DEAR DR. ROACH: I went to the emergency ward this weekend with severe chest pains and bloating. I was sure I was having a heart attack. After tests, a CT scan revealed I had pancreatitis (they mentioned a number 222 for some enzyme or something); also, my potassium was low and sodium was critically low, at 113. I am 62, 5 feet, 9 inches tall and weigh 210; I have Type 2 diabetes with an A1C of 6.7 and high blood pressure.
I was discharged after four days with no restrictions other than to eat light and refrain from alcohol 100 percent for the rest of my life to avoid another occurrence. I had never heard of pancreatitis, and it was devastating news to me. I make wine, and have for years. I do not drink anything except wine, and the thought of never being able to drink again is very disturbing.
Is there a possibility that I may be able to drink wine again in the future? The doctor’s assessment seemed pretty harsh to me. — J.C.
ANSWER: Acute pancreatitis is an inflammation of the pancreas, an organ that makes digestive enzymes and insulin. Acute pancreatitis can be very severe, even life-threatening on occasion. There are many causes, but the most common in North America are gallstones and alcohol. The diagnosis is made from the history and physical exam, and an elevated pancreas enzyme level, usually amylase or lipase. These often are elevated into the thousand range. A CT scan also can help confirm the diagnosis.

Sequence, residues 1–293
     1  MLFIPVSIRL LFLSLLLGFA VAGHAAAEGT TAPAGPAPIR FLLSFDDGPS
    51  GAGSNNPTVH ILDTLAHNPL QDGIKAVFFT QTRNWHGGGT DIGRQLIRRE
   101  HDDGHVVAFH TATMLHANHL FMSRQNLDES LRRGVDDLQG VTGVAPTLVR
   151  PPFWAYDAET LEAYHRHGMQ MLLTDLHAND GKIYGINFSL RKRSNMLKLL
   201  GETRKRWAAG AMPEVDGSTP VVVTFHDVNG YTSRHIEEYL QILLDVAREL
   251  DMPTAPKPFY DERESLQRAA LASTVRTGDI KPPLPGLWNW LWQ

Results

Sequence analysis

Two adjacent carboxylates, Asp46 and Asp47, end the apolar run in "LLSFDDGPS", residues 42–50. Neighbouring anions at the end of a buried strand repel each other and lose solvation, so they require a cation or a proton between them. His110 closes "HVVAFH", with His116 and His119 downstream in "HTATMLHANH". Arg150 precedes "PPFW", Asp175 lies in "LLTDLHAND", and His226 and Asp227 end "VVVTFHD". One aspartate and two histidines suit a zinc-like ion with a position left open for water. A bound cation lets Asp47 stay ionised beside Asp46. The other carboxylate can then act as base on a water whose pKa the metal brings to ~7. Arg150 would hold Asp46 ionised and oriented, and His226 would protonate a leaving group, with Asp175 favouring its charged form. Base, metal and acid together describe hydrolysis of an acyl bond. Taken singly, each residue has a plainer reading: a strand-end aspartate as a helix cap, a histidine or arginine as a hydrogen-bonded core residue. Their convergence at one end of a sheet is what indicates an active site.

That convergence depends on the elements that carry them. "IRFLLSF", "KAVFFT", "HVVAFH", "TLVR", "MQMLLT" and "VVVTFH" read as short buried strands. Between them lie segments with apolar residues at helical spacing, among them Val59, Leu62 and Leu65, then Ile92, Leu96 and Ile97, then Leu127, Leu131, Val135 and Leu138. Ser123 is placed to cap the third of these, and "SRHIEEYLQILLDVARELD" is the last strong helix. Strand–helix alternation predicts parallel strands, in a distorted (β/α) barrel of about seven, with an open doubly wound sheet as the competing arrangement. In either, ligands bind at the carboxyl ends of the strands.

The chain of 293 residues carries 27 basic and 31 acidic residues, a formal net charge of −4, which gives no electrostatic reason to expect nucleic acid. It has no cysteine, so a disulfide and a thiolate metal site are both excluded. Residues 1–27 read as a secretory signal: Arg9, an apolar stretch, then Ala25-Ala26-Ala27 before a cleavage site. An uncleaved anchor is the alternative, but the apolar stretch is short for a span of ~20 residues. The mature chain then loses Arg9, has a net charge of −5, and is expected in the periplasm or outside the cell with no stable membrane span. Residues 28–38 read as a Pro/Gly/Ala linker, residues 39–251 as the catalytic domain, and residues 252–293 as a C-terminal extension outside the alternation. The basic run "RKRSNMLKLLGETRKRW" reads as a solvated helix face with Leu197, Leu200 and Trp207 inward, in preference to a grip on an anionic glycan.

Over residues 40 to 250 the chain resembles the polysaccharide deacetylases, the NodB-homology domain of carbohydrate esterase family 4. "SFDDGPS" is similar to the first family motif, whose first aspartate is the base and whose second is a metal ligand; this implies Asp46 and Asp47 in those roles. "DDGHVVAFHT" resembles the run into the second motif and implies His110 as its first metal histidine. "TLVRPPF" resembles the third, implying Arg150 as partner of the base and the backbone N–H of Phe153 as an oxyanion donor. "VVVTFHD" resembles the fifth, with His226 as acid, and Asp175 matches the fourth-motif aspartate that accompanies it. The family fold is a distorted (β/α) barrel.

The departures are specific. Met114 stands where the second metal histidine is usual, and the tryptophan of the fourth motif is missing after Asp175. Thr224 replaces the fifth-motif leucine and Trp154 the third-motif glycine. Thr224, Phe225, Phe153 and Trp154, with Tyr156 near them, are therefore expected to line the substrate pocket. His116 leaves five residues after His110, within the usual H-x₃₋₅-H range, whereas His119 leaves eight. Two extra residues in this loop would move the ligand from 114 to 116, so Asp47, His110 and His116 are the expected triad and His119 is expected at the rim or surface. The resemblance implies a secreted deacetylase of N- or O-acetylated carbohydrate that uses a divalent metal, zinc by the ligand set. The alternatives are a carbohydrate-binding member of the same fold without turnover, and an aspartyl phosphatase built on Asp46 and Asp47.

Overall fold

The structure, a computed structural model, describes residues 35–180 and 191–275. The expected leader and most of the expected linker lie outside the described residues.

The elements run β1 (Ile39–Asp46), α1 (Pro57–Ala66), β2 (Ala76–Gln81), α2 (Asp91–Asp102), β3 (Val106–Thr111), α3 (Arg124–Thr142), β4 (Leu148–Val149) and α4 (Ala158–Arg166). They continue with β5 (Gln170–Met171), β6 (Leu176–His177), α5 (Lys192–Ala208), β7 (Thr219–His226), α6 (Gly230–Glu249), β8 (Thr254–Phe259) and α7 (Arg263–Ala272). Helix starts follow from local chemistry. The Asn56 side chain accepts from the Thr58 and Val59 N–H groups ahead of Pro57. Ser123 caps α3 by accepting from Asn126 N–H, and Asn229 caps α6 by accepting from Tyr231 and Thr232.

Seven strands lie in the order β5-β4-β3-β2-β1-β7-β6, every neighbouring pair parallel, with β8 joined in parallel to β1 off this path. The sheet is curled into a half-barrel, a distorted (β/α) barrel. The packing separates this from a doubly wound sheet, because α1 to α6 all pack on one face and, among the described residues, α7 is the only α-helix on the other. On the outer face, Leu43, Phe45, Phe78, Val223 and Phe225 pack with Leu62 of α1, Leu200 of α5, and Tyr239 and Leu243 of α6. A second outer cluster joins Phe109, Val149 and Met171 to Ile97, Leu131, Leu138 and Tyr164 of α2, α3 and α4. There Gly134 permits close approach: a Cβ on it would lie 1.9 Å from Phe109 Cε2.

Before concluding that alcohol is the cause of the pancreatitis, it’s important to make sure there is nothing blocking the pancreatic and common bile duct, such as a stone or tumor. The CT scan is good, but if there is doubt, an endoscopy may need to be performed.
If your doctor determined that the cause is alcohol, then I’m afraid I have to agree that no amount of alcohol is safe. Drinking even modest amounts of wine, even months or years later, could bring about pancreatitis again. In addition to the pain and suffering that go with an episode, the more episodes of acute pancreatitis you have, the more likely you are to develop chronic pancreatitis (with constant pain), pancreatic insufficiency (leading to inability to properly digest food) and worsen your diabetes.
DEAR DR. ROACH: My husband is 61, and has twice had to take a course of vitamin D, 50,000 units weekly. I don’t understand why he isn’t taking a daily dose. — L.D.
ANSWER: It is commonly recommended for physicians to treat very low levels of vitamin D with vitamin D-2 at the high dose of 50,000 units once weekly for six to eight weeks. However, I have seen many people who, like your husband, take the course of therapy and then don’t take any daily vitamin D and just become deficient again. In most cases, I recommend vitamin D-3 at 800-1,000 units daily, then rechecking the level. Some people need even more, especially if there is poor absorption, such as after gastric bypass surgery or in people with celiac disease.
Dr. Roach regrets that he is unable to answer individual letters, but will incorporate them in the column whenever possible. Readers may email questions to ToYourGoodHealth@ med.cornell.edu. To view and order health pamphlets, visit www.rbmamall.com, or write to Good Health, 628 Virginia Drive, Orlando, FL 32803.